'Oil Bust' Headline Makes a Good Punch Line
This week, the Mogambo calls the local newspaper to see why they’re dropping the ball with regards to reporting inflation. Well, as it turns out, it may very well be the receptionist’s fault.
Just when I thought I had completely lost my sense of humor, I ran across a MoneyNews.com article titled "Lehman Bros. Report: Oil Bust in the Cards". Hahahaha! Thanks, Lehman!! Hahaha! I needed the laugh!
Perhaps part of the humor is that this comes at the same time as the price of gasoline went up 3 cents to another record high of an average of $3.70 a gallon. This is up 22% from this time last year! 22 percent! 22! Hahahaha!
It gets even funnier when Lehman is not just predicting lower prices, but "Lehman is now predicting prices at $83 a barrel in 2009 and as low as $70 in 2010." At this point I am laughing so hard that my stomach hurts, and since I am on the verge of pooping in my pants, I am desperately trying to stop laughing by sticking my own thumb in my eye, but it does no good! I just keep going, "Hahahaha! Oww! Hahahaha! Oww!"
But $70 a barrel of oil? Hahahaha! Oww! Hell, the cost of production is higher than that! So does Lehman think that production costs are going to go down? Hahahaha! Oww!
Bill Bonner here at The Daily Reckoning, taking no notice of my anguish or my thumb, says, "Ten years ago, China imported 165 million barrels of oil per year. Today, the total is more than 1 billion. Wonder why the price of oil hit a new high last week – above $126 a barrel? Well, China is a big part of the answer." A whopping 600% increase in ten years, and yet Lehman thinks that oil will go down in price? Hahahaha! Oww!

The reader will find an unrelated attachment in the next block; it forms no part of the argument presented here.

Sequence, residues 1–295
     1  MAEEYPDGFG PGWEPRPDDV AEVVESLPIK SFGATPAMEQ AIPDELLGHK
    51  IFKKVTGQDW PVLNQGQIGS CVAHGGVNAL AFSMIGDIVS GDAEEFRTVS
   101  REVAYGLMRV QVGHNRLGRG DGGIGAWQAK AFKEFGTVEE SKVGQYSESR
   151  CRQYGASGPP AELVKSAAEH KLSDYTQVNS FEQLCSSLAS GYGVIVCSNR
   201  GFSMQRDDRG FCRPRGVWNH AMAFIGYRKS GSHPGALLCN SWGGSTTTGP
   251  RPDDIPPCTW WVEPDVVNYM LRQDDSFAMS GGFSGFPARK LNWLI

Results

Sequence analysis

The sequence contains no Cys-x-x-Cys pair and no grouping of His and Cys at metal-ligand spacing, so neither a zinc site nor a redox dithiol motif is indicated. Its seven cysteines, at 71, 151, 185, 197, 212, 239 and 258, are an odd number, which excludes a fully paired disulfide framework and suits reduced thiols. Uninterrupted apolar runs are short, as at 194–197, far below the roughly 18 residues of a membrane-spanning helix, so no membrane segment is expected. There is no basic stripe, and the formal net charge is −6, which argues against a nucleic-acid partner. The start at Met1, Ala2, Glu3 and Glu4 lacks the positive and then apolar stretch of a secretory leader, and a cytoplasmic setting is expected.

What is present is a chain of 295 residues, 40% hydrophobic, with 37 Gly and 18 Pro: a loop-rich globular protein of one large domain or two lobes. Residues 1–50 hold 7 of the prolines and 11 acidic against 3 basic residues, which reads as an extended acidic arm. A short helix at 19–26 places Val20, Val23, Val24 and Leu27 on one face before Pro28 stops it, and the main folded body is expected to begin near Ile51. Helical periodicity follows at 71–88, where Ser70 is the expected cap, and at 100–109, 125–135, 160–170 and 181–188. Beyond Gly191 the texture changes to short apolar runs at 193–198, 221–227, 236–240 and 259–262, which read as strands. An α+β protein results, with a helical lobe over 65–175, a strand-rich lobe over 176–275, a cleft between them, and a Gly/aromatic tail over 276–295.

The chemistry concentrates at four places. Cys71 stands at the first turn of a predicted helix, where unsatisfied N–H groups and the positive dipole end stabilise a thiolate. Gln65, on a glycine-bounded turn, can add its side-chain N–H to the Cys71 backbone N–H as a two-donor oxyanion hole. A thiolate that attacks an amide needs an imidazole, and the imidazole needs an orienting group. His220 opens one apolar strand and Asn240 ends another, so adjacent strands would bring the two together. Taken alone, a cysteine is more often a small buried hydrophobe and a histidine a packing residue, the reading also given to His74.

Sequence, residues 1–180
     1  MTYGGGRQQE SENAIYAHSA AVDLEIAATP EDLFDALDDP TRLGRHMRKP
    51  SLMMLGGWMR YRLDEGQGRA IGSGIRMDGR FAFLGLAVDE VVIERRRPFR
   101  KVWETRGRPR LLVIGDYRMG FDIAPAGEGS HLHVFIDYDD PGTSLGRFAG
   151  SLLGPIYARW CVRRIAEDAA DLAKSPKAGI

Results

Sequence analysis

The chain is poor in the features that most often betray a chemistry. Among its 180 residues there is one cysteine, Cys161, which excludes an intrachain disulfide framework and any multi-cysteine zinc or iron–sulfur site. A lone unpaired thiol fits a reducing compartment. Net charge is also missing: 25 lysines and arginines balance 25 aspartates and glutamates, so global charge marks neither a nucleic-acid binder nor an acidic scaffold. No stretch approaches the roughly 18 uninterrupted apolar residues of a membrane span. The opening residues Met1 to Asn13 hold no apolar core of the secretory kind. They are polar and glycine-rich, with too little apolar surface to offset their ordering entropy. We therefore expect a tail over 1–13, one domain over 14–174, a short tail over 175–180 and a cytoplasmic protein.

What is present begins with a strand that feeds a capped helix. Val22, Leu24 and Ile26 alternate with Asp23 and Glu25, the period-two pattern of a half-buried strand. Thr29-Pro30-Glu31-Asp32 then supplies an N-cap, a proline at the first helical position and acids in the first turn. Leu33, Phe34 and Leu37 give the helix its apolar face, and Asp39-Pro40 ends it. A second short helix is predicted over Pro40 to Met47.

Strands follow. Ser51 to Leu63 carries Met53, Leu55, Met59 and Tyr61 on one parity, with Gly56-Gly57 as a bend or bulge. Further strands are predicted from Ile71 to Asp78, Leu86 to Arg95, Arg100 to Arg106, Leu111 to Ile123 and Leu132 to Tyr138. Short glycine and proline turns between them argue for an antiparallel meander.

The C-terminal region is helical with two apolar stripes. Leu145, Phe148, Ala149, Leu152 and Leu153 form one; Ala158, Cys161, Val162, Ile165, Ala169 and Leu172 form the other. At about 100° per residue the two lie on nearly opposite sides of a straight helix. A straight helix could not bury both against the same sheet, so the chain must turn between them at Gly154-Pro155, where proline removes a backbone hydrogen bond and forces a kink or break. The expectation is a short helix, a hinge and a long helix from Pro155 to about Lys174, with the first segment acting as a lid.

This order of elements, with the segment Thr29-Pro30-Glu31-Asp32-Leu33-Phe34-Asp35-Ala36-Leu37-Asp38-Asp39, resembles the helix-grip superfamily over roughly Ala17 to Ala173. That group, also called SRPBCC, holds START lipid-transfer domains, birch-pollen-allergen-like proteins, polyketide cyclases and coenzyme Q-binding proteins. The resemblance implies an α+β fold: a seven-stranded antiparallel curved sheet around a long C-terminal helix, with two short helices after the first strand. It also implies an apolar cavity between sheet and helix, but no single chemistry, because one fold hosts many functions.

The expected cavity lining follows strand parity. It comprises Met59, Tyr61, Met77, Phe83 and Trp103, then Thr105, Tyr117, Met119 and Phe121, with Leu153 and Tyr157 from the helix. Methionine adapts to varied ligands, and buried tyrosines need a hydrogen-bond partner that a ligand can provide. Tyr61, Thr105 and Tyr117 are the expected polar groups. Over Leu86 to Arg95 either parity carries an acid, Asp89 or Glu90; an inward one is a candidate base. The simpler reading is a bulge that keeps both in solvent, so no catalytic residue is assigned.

Kevin Kerr at Whiskey and Gunpowder says, "According to the most recent data from the U.S. Energy Information Administration, oil demand for countries in the Organization for Economic Cooperation and Development – which includes developed nations like Japan, Germany and the United States – has gone up 14% since 1980. Oil demand for the rest of the world, however, has skyrocketed 43%. That’s more than three times as fast!"
And yet Lehman thinks that the price of oil will go down? Hahahaha! Owww!
So, handily summing up, you can take it from me, the Loudmouth Mogambo Prognosticator (LMP), the guy with the ready laugh and the sore eye where somebody keeps sticking his thumb in it, when I tell you that there is no way, absolutely no way, absolutely no freaking way in hell that oil will be that low next week, next month, next year or ever! Hahahaha! Oww!
I was going to go to the medicine cabinet to find something that would stop my eye from mysteriously hurting, when it fell on Sean Brodrick at MoneyandMarkets.com writing, "According to the International Energy Agency, China’s overall oil demand rose by 7.8% in February from a year earlier, much higher than earlier estimates of a 5.3% gain. And gasoline demand rose by 22.8%!"
Careful Mogambo Scholars will take particular note of the use of Mr. Brodrick’s use of exclamation points in highlighting the rise in gasoline demand, as this means to me a rise in the use of internal combustion engines, meaning that a lot of work is being done, which means that a lot of raw materials are being consumed.